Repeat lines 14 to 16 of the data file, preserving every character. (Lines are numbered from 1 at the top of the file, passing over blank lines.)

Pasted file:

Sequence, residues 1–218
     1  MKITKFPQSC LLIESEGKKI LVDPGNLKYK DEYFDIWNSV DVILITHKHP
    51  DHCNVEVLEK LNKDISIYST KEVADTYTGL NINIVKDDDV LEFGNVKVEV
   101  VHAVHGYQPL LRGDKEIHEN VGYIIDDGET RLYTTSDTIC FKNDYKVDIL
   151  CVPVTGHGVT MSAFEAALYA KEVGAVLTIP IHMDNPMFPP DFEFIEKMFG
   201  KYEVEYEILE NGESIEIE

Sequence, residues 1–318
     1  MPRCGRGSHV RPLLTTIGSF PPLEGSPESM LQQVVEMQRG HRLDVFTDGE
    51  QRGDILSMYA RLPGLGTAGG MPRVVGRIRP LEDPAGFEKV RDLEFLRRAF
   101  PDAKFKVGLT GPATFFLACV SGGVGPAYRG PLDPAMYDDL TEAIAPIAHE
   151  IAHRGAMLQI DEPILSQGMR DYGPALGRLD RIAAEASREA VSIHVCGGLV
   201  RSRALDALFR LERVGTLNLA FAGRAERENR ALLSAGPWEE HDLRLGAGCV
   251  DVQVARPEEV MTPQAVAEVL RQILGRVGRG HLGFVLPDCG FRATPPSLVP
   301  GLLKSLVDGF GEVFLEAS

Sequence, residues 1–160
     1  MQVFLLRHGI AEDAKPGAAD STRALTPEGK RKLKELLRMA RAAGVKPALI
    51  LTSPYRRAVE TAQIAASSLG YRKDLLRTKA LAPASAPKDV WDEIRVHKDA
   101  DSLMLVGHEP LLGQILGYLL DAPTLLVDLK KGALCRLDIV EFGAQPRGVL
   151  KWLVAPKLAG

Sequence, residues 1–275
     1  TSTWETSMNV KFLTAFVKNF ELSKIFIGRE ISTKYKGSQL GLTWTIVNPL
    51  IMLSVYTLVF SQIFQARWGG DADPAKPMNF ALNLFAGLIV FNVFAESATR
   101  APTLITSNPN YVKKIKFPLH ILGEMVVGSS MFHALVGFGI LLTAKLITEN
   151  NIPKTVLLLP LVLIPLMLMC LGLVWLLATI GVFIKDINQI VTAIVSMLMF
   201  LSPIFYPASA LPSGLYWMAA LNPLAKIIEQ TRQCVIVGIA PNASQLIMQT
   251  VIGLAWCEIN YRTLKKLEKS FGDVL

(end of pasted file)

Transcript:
   301  GLLKSLVDGF GEVFLEAS

Sequence, residues 1–160
     1  MQVFLLRHGI AEDAKPGAAD STRALTPEGK RKLKELLRMA RAAGVKPALI